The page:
for The Sydney Morning Herald on March 28, 2009
Acute malnutrition ... Ujala is four months old but weighs only 1.5 kilograms.
UJALA is starving to death. She is four months old but weighs only 1.5 kilograms, about a third of what the World Health Organisation says is normal for her age.
The sagging skin on her tiny limbs and her grossly distended stomach are signs of acute malnutrition. Her hip bones protrude like gross deformities and her face winces with a hacking cough.
It is an image often associated with famine in Africa. But Ujala is not from Africa but India, a nation destined to be an economic and political super power. For some years India has been one of the fastest growing economies and average incomes have risen steadily.
Economic reforms initiated in the early 1990s have been good to the rich. The 2009 Forbes Rich List, released this month, named two Indians among the world's 10 wealthiest individuals. India also has a rapidly expanding middle class. According to some estimates more than 200 million Indians now have spending power to rival that of consumers in developed countries such as Australia and the US.
But India is also home to a quarter of the world's hungry - about 230 million people - according to a World Food Program report released last month. More than 455 million Indians survive on $US1.25 a day or less, compared with 420 million in 1981.
A towering symbol of these two Indias is adjacent to Ujala's village in the Khandwa district of Madhya Pradesh, a state in central India - a telecommunications antenna. So while Ujala wastes away, her family's mud hut has perfect mobile reception and wireless internet access.
Despite the economic boom, progress in reducing child malnutrition has been slow. About 42 per cent of children under five are underweight compared with 7 per cent in China, India's neighbour.
The Washington thinktank, the International Food Policy Research Institute, says almost a fifth of India's population is "food insecure".
In Ujala's state about 60 per cent of children under five are malnourished and almost one in 10 infants die before they reach the age of five. That ranks Madhya Pradesh alongside Chad and Ethiopia for child malnutrition, the institute says.
Ujala is typical of those being forgotten amid India's drive for success. On most days she is looked after by her grandmother, Rechu Bhai, while her mother and father work on local farms.
The extended family is deeply in debt so her parents have no choice but to sell their labour for about 25 rupees (73 cents) a day.
"I'm very worried because this is my daughter-in-law's first child," says Rechu Bhai. "Her mother is too weak to feed the baby, her milk has dried up.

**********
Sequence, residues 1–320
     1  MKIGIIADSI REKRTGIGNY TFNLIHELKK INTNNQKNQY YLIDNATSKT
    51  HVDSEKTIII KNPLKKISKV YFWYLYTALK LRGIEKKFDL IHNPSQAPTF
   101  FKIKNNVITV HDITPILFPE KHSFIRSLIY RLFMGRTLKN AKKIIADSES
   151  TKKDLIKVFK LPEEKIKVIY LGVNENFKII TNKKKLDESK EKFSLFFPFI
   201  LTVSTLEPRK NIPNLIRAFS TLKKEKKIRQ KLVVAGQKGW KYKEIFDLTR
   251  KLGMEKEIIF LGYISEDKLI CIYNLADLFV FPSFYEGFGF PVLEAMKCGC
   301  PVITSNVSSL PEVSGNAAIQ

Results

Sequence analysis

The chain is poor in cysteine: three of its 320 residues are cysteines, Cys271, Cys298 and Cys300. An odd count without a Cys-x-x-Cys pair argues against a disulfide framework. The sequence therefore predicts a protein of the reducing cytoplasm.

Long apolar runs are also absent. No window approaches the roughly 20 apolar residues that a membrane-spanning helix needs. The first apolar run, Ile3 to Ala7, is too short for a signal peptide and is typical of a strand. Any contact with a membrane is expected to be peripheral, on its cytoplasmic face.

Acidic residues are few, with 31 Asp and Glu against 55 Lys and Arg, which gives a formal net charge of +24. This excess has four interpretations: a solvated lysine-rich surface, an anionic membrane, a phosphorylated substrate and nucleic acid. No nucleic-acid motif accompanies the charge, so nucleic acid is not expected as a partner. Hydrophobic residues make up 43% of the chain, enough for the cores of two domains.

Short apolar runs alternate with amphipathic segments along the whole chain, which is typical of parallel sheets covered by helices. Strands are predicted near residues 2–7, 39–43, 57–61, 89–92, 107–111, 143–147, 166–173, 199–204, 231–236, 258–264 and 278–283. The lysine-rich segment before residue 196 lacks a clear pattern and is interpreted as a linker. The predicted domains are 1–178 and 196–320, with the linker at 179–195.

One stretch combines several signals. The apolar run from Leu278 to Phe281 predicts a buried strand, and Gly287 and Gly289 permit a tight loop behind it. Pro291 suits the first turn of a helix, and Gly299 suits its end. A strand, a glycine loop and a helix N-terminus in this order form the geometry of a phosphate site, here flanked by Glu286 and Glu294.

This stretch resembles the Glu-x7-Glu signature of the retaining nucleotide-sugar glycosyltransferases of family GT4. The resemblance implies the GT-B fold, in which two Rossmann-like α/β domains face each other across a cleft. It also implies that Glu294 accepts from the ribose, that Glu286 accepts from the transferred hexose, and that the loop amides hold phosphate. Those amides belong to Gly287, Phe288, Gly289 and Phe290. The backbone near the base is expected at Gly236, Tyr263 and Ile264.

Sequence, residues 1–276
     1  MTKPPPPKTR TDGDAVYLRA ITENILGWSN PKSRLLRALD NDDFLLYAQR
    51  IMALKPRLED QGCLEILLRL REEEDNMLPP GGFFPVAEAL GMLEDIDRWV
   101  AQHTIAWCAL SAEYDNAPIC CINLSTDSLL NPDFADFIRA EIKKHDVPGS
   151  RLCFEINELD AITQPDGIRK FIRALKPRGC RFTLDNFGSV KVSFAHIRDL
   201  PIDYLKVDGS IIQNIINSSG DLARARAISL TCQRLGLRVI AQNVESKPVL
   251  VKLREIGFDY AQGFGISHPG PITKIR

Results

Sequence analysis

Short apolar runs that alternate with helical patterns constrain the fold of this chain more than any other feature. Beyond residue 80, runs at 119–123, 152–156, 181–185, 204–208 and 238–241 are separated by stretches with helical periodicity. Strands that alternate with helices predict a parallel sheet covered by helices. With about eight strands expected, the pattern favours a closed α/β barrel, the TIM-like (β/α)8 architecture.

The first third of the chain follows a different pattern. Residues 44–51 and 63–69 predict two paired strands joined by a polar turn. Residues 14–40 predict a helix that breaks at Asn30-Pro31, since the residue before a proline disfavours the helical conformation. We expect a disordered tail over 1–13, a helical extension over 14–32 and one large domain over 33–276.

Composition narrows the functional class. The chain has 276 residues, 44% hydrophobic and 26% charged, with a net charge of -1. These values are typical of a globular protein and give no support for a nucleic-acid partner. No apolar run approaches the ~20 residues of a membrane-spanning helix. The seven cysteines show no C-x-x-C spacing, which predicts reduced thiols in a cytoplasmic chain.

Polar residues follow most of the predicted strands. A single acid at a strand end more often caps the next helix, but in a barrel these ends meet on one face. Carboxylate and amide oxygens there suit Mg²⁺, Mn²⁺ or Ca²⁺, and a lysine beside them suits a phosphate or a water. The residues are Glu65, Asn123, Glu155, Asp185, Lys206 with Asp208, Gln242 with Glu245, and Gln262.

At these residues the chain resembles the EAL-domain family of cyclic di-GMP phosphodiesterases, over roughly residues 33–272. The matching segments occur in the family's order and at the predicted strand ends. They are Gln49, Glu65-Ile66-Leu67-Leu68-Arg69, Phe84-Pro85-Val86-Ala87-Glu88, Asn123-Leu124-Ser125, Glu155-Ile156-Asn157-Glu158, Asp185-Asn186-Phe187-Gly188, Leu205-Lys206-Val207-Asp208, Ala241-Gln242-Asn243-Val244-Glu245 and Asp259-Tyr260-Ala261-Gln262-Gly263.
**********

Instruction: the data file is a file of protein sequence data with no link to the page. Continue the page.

"We have not given up hope - we are trying to save her."
Social workers Prakash Michael and his wife Seema run Spandan, an organisation to help the hungry families of Khandwa district. They found at least 12 children died of hunger in the eight villages within Ujala's sub-district over the past six months. Prakash fears Ujala will soon be added to the grim statistics.
"When the malnutrition gets acute like this it looks like the body is starting to rot," he says while gently lifting the spongy skin on the back of Ujala's diminutive hand.
Spandan has conducted several studies around villages in Khandwa district, each one revealing an alarming rate of hunger-related deaths. When the local media reported this research, government officials took notice. Many children were taken to special government rehabilitation centres to treat malnourished children.
But Prakash says the response has not been adequate. Ujala's grandmother says the child was taken to one of the centres but was turned away without explanation.
"On the one hand India is getting huge new malls and shopping centres, but on the other our children are dying of hunger," says Prakash.
Local officials find it hard to admit that children are dying of starvation, he says.
"The Government is in denial. They are saying children are not dying due to malnutrition. They say they are dying due to seasonal illnesses. They don't want to accept they are dying of hunger because that is an admission of state failure."
Prakash believes the crisis in Madhya Pradesh has deep roots. During the 1970s local people switched from growing traditional crops to cash crops such as soya beans and cotton.
"From that time food security started to deteriorate," says Prakash. "They were getting money but they started to rely more on buying food on the open market and prices have risen more than the incomes of people around here."
The poor have traditionally been supported with a quota of free food but that has recently been cut by about 40 per cent, says Prakash.
"The average consumption per person has fallen from 9 kilograms per month to 6-7 kilograms per month here," he says. "Food is getting out of reach of the poor. It is a very complicated situation and a lot of things need to be done ”¦ but the Government is not willing to accept this."
The problems in Khandwa are symptomatic of many parts of rural India. Research by academics Angus Deaton and Jean Dreze reveals "a sustained decline in per capita calorie consumption" throughout India. In rural areas the average was about 10 per cent lower in 2005 than in 1983.